3 Reasons Your Engineered Floors Are Fading

3 Reasons Your Engineered Floors Are Fading

3 Reasons Your Engineered Floors Are Fading

On top of providing numerous benefits over other flooring options, engineered wood floors add an aesthetic natural design feature and atmosphere to your home. Unfortunately, over time, you may notice the beauty of your wooden floors slip away as they fade. Many people find that discolored wood decreases the appeal of wooden floors, but you can easily fix and even prevent discoloration. Despite some significant differences like sustainability and water resistance, like solid wood, engineered planks still share the disadvantage of bleaching. Here are three reasons your engineered floors are fading and how you can keep them in their prime.

Sunlight Exposure

Often, when people place carpets on their wood floors, they’ll notice the color of the wood under the rug is slightly darker than the exposed wood. Like your skin, too much sunlight exposure causes harm to wood planks. The ultraviolet rays the sun emits break down the wood’s chemical bonds, causing it to fade. Placing engineered floors in rooms with large windows or in direct heavy sunlight increases your chances of sun damage. You can decrease the rate at which your floors fade by inserting blinds on your windows and coating your floors with UV protectant seals. Plus, with a recoat of stains or paints, you can bring color back to your floors.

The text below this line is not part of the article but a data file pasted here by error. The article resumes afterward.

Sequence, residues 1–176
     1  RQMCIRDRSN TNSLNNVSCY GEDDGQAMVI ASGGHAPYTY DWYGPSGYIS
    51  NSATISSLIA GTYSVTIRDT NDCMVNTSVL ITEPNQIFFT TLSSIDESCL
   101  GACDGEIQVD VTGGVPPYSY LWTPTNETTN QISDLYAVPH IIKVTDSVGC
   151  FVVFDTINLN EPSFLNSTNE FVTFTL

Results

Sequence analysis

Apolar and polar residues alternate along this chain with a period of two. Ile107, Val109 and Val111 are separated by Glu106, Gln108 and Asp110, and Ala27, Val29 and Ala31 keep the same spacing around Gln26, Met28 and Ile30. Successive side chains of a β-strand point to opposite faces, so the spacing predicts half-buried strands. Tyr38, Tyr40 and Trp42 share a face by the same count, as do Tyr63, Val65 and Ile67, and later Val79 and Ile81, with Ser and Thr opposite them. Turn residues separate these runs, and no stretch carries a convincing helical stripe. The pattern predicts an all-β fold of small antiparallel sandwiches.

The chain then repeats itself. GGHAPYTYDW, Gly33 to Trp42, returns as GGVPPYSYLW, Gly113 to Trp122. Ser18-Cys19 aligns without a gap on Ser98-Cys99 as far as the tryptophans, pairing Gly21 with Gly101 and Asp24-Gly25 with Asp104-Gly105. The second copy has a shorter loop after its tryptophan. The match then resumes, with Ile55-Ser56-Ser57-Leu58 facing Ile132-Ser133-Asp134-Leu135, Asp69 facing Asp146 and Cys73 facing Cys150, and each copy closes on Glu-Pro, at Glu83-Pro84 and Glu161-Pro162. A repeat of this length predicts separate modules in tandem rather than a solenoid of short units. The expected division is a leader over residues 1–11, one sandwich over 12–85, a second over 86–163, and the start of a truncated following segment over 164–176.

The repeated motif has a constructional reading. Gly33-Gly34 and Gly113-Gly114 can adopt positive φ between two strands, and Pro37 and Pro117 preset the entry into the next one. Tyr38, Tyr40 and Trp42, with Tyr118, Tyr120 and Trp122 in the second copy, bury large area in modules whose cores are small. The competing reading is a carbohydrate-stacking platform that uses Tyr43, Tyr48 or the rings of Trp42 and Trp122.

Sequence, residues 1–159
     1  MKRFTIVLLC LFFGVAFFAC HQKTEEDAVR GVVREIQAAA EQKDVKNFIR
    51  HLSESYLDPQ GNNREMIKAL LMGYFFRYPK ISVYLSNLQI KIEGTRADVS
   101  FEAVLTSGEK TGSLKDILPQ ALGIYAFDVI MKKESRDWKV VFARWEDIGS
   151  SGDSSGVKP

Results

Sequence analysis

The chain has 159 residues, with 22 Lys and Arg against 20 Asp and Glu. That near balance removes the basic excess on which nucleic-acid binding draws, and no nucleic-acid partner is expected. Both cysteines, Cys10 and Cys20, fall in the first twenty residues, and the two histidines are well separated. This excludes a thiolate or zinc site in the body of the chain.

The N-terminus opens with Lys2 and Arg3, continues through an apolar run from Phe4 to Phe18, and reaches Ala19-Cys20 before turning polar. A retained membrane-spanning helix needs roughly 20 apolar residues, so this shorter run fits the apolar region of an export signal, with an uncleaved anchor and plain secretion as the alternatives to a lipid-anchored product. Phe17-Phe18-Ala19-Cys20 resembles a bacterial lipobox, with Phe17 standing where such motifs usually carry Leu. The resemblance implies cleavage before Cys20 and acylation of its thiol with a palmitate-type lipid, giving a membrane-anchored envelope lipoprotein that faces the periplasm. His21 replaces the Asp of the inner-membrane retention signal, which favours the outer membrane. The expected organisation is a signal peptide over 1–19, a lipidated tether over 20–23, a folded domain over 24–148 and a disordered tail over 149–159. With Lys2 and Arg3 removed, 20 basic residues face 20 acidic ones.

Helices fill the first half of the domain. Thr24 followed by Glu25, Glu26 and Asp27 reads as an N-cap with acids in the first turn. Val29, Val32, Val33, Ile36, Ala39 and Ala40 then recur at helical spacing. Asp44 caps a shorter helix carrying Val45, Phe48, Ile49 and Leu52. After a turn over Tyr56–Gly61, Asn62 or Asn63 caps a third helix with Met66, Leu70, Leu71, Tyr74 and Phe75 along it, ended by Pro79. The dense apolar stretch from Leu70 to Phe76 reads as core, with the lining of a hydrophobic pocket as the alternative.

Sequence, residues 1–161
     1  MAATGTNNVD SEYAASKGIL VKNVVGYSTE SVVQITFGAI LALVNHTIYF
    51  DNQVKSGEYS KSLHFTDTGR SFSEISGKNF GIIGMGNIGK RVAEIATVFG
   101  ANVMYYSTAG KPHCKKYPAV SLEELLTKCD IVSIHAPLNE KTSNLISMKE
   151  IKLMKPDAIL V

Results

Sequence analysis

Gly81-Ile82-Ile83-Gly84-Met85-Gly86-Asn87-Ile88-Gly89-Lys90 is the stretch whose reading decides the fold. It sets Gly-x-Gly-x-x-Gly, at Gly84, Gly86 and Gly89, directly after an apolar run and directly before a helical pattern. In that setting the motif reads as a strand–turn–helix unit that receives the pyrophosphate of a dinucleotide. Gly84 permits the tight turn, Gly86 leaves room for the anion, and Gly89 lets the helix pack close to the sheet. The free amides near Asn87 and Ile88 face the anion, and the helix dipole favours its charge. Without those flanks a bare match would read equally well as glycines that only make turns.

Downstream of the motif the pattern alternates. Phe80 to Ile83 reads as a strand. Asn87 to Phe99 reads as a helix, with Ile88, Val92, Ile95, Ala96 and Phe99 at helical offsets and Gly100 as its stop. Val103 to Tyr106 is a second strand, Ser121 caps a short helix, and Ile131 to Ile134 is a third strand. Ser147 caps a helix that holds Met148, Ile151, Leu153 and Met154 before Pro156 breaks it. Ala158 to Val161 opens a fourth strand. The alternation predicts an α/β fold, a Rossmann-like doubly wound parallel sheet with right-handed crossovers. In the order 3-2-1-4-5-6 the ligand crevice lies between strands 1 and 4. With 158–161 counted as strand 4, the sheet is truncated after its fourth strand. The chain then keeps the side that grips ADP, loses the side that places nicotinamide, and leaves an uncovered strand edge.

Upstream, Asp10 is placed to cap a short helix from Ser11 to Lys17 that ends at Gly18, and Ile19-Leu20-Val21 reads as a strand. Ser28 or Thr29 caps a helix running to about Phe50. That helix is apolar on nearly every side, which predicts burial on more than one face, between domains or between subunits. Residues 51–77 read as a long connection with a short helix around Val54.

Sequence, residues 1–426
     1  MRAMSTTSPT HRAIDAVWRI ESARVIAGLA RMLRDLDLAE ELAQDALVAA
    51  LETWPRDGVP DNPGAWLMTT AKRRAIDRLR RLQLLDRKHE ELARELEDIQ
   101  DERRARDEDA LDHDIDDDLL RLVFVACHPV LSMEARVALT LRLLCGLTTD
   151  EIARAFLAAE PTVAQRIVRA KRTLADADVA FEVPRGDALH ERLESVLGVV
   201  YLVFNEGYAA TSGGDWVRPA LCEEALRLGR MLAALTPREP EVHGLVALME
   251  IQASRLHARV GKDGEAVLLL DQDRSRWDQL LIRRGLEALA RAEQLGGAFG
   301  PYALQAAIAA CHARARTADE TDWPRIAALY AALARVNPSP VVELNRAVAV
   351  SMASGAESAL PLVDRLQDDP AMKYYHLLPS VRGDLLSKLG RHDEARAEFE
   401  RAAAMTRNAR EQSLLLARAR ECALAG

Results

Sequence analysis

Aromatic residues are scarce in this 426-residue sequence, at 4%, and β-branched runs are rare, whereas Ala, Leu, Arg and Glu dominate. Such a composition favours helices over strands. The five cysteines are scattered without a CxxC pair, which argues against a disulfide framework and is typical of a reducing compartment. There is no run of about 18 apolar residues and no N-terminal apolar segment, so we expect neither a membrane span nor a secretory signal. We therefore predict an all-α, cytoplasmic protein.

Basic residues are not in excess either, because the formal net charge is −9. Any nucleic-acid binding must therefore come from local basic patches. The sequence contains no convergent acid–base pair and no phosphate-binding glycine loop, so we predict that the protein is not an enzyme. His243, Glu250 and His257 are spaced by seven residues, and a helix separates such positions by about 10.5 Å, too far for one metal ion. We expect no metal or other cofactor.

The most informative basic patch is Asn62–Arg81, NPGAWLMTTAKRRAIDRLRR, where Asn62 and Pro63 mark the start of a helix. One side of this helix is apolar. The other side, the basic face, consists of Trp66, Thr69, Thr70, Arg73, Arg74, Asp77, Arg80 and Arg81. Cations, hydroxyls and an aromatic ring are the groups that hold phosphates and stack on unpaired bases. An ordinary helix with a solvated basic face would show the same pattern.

High Foot Traffic

Heavy and consistent foot traffic on engineered wood slowly erodes its surface layers. As the top veneer erodes and weakens, the wood pigment fades. Luckily, one of the primary advantages of engineered wood is its durability. Fading from heavy foot traffic won’t occur until much later in the engineered wood’s lifespan. However, consistent heavy foot traffic will shorten that timeline faster. Adding finishes to your floors creates an extra layer on the surface of your planks, forming another barrier between exterior influences and the actual wood veneers.

Wood Species

The type of wood species you select sometimes affects your chances of fading. Although engineered wood consists of a core containing a compressed mixture of wood and wood fibers, its surface features a thin layer of natural hardwood. Naturally dark, wood species are more susceptible to fading due to their rich pigments. Choosing lighter wood floor planks like birch and maple engineered hardwood flooring reduces the appearance of fading in your spaces.

Don’t let the risk of fading hold you back from achieving your dream aesthetic and creating cozy spaces with wood floors. It takes a long time for engineered wood to fade. With preventative measures including sun protection, lighter wood selections, furnishing layers, and education on some of the reasons your engineered floors are fading, you may not have to deal with fading floors at all during your occupancy in the house.

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